Take the Germans. Seriously take them, please. Ha! Ken Roczen has visa issues, to which I say, young man, did a few years in America make you that addicted to credit cards? Typical debtor American apparently now. The French have wisely avoided such fate by avoiding the Americanised French altogether, although we certainly can’t say that the French collectively aren’t in our debt now can we? On track they can collect results though. I believe Gautier Paulin as capable as any (he has a background in BMX but he then parked the bicycle for a dirt bike. Ellis Tomac should take lessons). Meanwhile, the French countryside has basically been birthing MX2 speedsters by the puppy litters, so they could pick from any number of capable hands. New MX2 World Champion Jordi Tixier will not be racing, which allows him to continue what must be the world’s longest victory party in twenty years (or until the one that starts on Sunday). Let me guess, much wine involved, mes amis? We know that Tixier won the title because the eighth Wonder of the World, Jeffrey Herlings, was injured and missed eleven from seventeen heats. My cup runneth over with love for Mr. Herlings, who sticks to the Grand Prix circuit instead of California Stadiumcross. I’m very sad to not see the lad in action this weekend and I might have to make a stop in his native Holland soon to cheer up. I know just the place.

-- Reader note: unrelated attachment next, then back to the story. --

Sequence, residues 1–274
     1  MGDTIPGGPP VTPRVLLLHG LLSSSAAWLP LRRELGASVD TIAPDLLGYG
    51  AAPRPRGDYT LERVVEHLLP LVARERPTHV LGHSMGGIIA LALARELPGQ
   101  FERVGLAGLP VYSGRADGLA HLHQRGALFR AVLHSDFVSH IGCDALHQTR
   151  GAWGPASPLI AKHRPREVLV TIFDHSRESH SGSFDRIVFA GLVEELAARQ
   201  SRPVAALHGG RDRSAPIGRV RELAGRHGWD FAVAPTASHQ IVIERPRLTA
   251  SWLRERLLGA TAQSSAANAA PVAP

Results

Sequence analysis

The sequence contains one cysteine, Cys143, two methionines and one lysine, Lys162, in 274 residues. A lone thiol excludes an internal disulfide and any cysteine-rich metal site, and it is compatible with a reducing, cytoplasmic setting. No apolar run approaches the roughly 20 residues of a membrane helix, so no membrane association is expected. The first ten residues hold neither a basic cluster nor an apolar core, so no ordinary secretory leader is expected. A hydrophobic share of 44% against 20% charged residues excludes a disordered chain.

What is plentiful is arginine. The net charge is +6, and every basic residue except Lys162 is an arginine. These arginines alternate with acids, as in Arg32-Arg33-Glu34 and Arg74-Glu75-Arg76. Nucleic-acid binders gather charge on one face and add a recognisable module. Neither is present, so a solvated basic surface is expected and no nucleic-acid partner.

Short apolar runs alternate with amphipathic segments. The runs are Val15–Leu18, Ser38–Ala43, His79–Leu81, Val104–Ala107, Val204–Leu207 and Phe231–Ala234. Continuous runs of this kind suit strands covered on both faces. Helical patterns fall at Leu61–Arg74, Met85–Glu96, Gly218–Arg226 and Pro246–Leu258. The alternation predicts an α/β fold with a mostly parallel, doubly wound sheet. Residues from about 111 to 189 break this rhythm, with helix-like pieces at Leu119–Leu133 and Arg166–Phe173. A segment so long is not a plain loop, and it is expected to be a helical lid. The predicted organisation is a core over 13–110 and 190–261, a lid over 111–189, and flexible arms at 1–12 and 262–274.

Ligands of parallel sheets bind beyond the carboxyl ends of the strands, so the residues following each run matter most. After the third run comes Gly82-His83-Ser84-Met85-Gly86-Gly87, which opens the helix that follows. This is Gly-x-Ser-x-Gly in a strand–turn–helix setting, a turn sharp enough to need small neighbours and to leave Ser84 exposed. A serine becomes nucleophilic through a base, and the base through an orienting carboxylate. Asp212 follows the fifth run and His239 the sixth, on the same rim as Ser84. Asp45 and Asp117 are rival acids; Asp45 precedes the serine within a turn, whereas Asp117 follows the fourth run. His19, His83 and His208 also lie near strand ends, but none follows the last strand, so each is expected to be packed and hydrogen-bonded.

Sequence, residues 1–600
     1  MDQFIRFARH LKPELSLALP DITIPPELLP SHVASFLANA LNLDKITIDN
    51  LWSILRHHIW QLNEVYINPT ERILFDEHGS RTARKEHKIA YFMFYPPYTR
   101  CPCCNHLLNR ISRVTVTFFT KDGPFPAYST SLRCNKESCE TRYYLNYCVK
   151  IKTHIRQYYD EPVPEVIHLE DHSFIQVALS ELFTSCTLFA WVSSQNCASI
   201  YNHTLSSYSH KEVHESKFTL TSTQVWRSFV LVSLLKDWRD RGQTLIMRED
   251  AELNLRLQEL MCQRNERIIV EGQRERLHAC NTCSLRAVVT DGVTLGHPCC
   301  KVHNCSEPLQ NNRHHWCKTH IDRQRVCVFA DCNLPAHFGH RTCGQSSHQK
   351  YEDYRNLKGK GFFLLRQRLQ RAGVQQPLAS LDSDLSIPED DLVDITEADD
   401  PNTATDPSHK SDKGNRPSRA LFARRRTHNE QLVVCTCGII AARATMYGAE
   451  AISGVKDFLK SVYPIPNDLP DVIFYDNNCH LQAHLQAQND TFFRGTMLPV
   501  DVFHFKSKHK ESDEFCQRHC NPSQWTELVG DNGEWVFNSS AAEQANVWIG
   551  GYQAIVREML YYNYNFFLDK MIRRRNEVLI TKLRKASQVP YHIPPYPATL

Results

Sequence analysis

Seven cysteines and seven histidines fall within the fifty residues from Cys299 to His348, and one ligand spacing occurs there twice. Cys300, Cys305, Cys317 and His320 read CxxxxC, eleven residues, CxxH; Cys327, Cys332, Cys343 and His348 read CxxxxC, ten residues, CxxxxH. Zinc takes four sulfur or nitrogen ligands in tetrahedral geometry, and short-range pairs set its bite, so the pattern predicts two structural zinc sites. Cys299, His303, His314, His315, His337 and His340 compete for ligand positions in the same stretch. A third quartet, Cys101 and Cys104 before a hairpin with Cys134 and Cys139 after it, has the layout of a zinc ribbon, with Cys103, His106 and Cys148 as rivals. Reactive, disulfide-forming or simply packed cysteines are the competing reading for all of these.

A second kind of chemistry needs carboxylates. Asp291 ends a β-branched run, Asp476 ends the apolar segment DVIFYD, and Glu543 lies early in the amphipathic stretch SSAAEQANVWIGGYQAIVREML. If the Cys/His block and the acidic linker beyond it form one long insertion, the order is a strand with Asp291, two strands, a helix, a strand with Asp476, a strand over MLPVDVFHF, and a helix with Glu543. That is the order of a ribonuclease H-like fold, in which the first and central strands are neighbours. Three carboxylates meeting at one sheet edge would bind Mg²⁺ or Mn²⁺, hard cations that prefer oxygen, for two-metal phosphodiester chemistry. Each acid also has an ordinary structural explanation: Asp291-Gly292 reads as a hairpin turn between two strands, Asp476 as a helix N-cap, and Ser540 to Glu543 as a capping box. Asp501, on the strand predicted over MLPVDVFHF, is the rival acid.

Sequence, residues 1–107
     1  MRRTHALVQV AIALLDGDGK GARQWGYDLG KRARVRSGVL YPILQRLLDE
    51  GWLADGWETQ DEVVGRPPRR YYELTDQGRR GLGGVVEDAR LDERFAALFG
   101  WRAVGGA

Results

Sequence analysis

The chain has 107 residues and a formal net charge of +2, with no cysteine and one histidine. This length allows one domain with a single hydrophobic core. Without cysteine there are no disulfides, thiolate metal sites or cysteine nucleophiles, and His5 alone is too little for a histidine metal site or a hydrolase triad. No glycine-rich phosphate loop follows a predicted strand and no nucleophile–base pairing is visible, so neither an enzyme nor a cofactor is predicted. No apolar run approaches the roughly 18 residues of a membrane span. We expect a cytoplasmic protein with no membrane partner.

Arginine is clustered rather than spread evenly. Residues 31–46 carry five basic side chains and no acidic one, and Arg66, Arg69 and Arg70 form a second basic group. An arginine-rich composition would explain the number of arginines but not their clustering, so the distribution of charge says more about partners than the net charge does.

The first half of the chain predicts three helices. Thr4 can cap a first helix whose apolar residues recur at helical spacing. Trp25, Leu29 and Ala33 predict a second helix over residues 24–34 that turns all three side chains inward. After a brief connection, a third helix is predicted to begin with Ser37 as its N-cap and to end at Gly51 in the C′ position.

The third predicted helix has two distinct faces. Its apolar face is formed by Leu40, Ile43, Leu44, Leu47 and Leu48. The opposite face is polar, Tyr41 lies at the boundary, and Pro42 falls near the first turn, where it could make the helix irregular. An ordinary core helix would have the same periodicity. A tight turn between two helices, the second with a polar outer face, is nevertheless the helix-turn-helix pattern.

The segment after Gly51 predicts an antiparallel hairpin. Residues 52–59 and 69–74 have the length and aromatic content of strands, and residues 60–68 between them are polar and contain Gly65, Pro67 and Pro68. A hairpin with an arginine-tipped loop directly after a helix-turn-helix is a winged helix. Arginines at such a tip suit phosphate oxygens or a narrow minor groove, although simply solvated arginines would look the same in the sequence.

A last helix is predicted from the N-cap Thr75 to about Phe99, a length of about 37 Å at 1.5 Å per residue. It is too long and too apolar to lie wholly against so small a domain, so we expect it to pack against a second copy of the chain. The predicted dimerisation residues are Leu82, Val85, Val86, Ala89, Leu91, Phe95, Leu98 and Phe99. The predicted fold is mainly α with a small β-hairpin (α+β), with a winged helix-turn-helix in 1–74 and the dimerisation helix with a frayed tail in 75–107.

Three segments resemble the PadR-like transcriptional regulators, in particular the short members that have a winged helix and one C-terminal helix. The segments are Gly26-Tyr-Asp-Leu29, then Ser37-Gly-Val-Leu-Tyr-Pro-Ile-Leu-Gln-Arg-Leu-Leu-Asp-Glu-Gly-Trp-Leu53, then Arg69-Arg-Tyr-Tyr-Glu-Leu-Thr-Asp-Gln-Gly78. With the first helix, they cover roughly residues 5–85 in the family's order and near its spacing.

I do respect the artistic and stylist talents of the French but I do not put much stock in their guile under the pressure of the Nations. One man who does scare me is the other World Champion, Super Tony Cairoli, who will likely vanquish everyone even though he lost a bet and has to ride a little 250 thumper. At least he won’t lead from the starts, just the finishes. The Italians are formidable and my respect for their rabid love of racing burns hot. However we know with the speed of an exotic Ferrari comes unreliability too, unlike my trusty MGs and Triumphs which go on forever. This is not a race won through great individual rides but rather team racing and that’s where my Brits will shine.